We find no merit in this contention for two reasons: first, the courts of Colorado are not in position to rule upon the public policy of the State of Wyoming; *524 secondly, we find that the Wyoming legislature has not declared any policy in this regard in drafting the pension law under which recovery was made. In support of his argument, the client has cited the Wyoming Workmen's Compensation Act which severely limits the amount of attorney fees out of an award secured under that act. However, the evidence before the court was that the County Attorney in Wyoming is the statutory attorney for claimants under the workmen's compensation law, and that since he derives his salary from the people, it was proper to limit the fees he could collect out of the compensation award obtained. The Wyoming legislature placed no limitation on the fees under the fireman's pension law. Had it intended to, the Wyoming legislature could have done so. The court was therefore correct in refusing to promulgate a rule of public policy in relationship to the fee claimed here.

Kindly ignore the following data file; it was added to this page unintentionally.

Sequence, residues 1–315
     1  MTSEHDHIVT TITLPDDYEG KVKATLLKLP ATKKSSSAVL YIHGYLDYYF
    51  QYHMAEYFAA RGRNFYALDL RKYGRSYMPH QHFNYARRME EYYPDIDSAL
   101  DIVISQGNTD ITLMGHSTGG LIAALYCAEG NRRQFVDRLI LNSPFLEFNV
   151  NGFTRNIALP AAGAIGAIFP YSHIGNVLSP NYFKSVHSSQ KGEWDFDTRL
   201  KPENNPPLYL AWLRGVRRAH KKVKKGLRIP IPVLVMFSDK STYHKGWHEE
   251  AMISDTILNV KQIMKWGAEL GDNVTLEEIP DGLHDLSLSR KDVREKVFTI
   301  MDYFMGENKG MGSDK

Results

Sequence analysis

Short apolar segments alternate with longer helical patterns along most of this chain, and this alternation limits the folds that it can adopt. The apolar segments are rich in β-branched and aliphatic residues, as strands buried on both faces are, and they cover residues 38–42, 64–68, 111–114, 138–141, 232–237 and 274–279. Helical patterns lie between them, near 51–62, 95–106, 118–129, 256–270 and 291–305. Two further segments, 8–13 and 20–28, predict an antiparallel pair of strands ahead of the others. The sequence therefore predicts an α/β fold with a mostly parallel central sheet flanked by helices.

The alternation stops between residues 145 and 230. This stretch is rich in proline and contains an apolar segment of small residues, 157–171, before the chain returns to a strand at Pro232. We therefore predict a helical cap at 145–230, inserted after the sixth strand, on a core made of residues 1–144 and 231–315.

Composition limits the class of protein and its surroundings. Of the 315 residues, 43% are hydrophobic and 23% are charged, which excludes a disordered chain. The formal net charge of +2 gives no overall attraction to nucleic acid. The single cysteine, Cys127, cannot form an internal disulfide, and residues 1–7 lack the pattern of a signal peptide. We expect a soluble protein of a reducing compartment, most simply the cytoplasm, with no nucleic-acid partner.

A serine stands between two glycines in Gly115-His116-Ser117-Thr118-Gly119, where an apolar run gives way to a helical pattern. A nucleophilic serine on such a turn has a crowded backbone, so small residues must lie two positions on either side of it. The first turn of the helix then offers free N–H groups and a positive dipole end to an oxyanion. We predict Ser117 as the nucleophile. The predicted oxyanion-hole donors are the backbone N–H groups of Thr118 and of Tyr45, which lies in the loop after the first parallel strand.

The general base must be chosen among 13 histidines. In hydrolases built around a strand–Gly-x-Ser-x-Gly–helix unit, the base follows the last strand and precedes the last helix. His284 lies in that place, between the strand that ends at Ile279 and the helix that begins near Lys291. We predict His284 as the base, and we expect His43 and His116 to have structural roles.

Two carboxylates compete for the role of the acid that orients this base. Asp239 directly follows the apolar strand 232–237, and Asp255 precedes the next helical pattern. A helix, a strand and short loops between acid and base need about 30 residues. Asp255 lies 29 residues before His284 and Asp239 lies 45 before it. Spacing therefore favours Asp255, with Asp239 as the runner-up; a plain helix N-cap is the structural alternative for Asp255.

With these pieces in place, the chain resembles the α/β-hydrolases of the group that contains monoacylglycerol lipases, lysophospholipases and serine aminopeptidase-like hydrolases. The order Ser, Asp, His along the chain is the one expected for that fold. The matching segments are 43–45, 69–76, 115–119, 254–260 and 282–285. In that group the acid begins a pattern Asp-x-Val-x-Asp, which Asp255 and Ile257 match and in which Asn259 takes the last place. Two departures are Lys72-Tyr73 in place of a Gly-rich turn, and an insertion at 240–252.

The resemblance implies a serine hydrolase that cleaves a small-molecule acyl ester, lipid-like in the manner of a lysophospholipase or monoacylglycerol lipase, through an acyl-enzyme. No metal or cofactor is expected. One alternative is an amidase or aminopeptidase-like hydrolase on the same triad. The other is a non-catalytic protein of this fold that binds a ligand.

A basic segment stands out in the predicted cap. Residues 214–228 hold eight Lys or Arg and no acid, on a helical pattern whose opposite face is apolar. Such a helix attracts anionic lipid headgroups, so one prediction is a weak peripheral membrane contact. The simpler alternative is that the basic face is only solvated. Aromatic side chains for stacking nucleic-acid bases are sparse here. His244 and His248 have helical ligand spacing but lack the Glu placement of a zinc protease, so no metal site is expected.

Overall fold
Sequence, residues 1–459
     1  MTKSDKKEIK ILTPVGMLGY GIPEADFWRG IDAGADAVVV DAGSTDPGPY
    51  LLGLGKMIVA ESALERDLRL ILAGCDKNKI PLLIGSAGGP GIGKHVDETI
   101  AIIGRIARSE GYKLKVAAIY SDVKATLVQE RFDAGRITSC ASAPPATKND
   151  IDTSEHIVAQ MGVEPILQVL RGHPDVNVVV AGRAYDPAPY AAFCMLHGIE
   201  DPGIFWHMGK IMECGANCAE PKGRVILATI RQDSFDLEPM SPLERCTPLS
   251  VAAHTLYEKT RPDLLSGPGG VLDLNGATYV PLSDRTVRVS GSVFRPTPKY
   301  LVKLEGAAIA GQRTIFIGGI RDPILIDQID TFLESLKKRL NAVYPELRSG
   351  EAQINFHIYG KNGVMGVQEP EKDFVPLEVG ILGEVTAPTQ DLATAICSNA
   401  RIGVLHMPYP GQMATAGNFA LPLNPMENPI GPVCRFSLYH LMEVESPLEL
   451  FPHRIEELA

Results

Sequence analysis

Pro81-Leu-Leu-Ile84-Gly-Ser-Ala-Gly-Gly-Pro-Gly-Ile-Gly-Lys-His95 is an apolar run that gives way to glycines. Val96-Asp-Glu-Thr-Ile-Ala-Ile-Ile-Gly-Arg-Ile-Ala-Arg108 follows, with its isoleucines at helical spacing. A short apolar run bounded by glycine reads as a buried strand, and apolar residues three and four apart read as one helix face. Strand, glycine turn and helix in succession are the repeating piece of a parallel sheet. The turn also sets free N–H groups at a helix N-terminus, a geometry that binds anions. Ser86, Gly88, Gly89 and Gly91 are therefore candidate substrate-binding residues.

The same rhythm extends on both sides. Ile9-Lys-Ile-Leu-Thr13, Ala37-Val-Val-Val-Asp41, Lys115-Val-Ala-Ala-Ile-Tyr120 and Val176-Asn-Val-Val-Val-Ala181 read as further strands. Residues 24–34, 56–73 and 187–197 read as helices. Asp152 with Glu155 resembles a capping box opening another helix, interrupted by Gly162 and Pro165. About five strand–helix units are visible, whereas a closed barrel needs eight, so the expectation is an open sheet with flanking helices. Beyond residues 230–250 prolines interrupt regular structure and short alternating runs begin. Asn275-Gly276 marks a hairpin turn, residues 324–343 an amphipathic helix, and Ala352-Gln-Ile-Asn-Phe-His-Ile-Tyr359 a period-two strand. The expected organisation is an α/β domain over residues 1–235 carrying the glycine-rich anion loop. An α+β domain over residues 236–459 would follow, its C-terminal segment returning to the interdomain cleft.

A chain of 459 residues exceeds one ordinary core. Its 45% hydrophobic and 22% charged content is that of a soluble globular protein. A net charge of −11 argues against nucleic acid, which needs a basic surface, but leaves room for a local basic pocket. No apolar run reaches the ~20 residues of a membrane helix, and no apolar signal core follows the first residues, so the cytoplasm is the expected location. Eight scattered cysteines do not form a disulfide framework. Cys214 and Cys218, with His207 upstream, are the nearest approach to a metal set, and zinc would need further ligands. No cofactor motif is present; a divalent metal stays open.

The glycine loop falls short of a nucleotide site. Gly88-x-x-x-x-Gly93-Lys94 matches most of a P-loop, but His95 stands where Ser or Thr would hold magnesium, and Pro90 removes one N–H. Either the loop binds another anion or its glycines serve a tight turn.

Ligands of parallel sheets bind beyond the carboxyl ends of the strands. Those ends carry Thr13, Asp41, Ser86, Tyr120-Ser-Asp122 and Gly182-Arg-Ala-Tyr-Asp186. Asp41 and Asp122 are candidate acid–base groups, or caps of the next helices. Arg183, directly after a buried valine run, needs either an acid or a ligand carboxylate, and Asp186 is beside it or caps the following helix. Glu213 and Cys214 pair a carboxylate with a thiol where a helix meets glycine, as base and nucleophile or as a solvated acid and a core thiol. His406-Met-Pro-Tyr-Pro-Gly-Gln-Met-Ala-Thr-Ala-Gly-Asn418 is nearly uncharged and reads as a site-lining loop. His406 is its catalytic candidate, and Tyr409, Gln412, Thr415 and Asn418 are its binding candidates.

The client grounds his argument on this point in the case of Harms v. Harms, 120 Colo. 212, 209 P.2d 552, wherein the court held that it was error for the court in a divorce proceeding to admit into evidence acts of cruelty which occurred after the filing of the complaint. That case is not in point and turns on an entirely different factual situation. In the Harms case a motion for a bill of particulars had been granted. Therefore, the question of notice as to the specific acts of cruelty upon which plaintiff relied was an intricate part of the case. This court, therefore, held that the failure to file supplemental pleadings to give the defendant notice of the additional acts on which plaintiff relied to prove cruelty was prejudicial. The Colorado Rules of Civil Procedure contemplate notice to the opposing party concerning that which he is expected to defend. In the instant case the attorney requested in his complaint that the court award recovery including payments accruing during the pendency of the suit. The payments were identical each month, being mathematically calculated upon one fourth of the monthly pension payment, and the client knew what these amounts were. He was not prejudiced in any manner by the calculation of these sums which accrued while he was litigating his obligation.